Bush's vice-presidential running mate, Dick Cheney, confirmed in a networkTV interview Thursday night that Bush was prepared to claim victory today ifhe was certified the winner in Florida - even if the hand counts werecontinuing.
By early afternoon, senior Bush aides in Austin were all smiles. Thegovernor was returning to the state capital from his rural ranch for what manyexpected would be a long-delayed victory celebration.
Their optimism had been fed by a key ruling, hours earlier, from JudgeTerry P. Lewis of Leon County Circuit Court. In a brief order, he upheldSecretary of State Harris' refusal to include the hand recounts in theofficial vote totals.
The judge's decision, which seriously hurt Gore's prospects, caught thevice president's advisers by surprise. The usually cautious WarrenChristopher, Gore's top representative in Florida, had said in a morning TVinterview that he didn't expect an unfavorable decision from the judge.
With her decision on the hand recounts approved by a judge, Harris was in aposition to declare Bush the winner. All that was required was the finalcount, early today, of a couple of thousand overseas absentee ballots, whichhad long been expected to pad Bush's tiny lead in the state.
"The rule of law has prevailed," Baker, the senior Bush adviser on thescene, told reporters in Tallahassee after the Lewis ruling. For the firsttime since his arrival more than a week ago, Baker refused to take questionsfrom the news media, apparently to avoid muddying the positive news.
Not so fast, countered the Gore side, at their news conference.
Former Secretary of State Christopher warned Bush against premature"partying." He also urged Harris not to certify the election, arguing that sheshould wait until the Florida Supreme Court had ruled on the matter. That"would tend to enhance the legitimacy of Governor Bush if he is ultimately thewinner," Christopher said.
David Boies, the top lawyer on Gore's team, said, "You don't sort of callthe end of the game after the first inning or the second inning, if you getahead. You wait for the entire game to be played. And this is something thatwill be resolved in the Florida Supreme Court. It's a matter, again, of days,not weeks."
But Boies also indicated that the campaign would not try to stop Harrisfrom declaring Bush the winner and said that, as a legal matter, Gore wouldnot suffer irreparable harm if she did so. He outlined plans for the vicepresident to formally contest the results of the election, as permitted understate law.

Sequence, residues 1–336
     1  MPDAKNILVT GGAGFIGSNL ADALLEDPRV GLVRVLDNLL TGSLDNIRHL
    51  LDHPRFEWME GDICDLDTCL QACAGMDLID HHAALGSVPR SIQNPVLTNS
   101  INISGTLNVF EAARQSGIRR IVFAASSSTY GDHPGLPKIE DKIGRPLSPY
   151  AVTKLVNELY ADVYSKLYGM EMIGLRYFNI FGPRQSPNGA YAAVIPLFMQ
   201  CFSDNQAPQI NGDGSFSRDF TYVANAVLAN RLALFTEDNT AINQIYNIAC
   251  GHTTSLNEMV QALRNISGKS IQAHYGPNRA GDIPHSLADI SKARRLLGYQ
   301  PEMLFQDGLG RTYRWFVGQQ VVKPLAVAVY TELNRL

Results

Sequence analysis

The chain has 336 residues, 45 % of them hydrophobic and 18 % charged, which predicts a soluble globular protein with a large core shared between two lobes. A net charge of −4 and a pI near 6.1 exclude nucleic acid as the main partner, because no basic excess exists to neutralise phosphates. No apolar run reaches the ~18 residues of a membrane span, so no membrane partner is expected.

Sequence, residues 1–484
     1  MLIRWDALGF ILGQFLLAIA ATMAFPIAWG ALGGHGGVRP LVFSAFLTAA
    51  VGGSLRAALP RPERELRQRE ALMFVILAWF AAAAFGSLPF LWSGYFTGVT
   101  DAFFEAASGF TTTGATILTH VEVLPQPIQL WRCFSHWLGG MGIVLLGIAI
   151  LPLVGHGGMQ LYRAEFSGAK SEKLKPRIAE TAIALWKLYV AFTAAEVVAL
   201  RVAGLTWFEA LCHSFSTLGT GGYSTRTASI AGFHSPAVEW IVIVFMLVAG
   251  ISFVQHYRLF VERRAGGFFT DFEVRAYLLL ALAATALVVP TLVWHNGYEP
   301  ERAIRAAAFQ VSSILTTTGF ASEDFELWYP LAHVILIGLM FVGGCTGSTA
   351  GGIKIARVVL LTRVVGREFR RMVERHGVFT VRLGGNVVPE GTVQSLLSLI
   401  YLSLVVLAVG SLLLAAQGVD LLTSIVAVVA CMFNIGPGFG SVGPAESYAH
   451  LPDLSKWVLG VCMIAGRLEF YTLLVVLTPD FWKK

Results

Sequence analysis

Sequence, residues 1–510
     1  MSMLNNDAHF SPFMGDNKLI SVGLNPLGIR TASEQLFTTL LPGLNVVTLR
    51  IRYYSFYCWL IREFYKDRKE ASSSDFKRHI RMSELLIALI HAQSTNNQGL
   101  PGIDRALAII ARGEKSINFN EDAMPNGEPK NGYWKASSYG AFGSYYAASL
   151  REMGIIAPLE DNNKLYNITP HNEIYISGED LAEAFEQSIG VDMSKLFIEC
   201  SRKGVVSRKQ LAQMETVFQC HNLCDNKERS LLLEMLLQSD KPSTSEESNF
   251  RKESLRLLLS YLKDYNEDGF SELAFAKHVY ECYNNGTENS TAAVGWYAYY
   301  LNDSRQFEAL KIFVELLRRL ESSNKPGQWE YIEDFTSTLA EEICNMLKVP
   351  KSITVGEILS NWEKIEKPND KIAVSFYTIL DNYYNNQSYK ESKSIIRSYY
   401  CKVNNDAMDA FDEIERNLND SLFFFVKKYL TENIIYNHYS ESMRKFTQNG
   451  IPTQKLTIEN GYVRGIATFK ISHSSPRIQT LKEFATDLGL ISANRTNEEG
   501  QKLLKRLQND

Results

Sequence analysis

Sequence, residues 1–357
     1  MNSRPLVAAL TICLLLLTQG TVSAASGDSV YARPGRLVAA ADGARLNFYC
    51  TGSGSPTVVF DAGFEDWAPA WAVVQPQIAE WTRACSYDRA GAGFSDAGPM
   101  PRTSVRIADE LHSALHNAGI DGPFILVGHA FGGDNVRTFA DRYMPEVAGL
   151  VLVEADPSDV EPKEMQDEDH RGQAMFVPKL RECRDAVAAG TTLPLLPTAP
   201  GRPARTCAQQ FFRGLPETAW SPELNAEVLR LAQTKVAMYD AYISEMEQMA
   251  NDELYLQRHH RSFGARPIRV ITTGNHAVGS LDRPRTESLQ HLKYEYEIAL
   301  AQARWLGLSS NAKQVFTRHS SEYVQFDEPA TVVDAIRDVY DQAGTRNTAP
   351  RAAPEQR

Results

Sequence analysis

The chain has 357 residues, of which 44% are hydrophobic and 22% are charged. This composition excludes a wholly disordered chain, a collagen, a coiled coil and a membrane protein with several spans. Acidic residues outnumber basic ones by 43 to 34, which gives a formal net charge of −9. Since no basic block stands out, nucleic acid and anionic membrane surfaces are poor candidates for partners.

Gore risks political damage, however, if he is forced to go to court toundo the official tally, a process that could take weeks.
Opinion polls indicate that there are two competing elements in thenation's attitude toward the continued wrangling over who won the election."The public wants fairness," says independent pollster Andrew Kohut of the PewResearch Center. "But they don't want it to be long and drawn out."
Late yesterday afternoon, before there was word from the state SupremeCourt on when, or even whether, it would act, Gore prepared to deliver a briefnationally televised statement from the steps of his official residence here.
Campaign aides said he planned to plead with the public for more time, withBush apparently on his way to being certified as the winner by Harris. WhenGore finally emerged - after getting the news that Florida's high court hadstopped her from doing so - he said he was pleased that the manual counts werecontinuing, "despite efforts to obstruct them."
"That is why the decision just announced by the Florida Supreme Court,"Gore added, "is so important."
Gore, who has urged both sides to soften their rhetoric, issued his firstdirect reference to Harris, a Republican and a state co-chairman of Bush'scampaign, who has become a major target for Democratic critics. "NeitherGovernor Bush, nor the Florida secretary of state, nor I will be the arbiterof this election," Gore said. "This election is a matter that must be decidedby the will of the people as expressed under the rule of law, law which hasmeaning as determined in Florida now by the Florida Supreme Court."
Much later, but still in time for the network TV news in much of thecountry, Baker went before the cameras. He pointed out that the FloridaSupreme Court had yet to make a ruling on the merits of the election disputeand also expressed disappointment that the federal appeals court had refusedBush's request to stop the hand counts.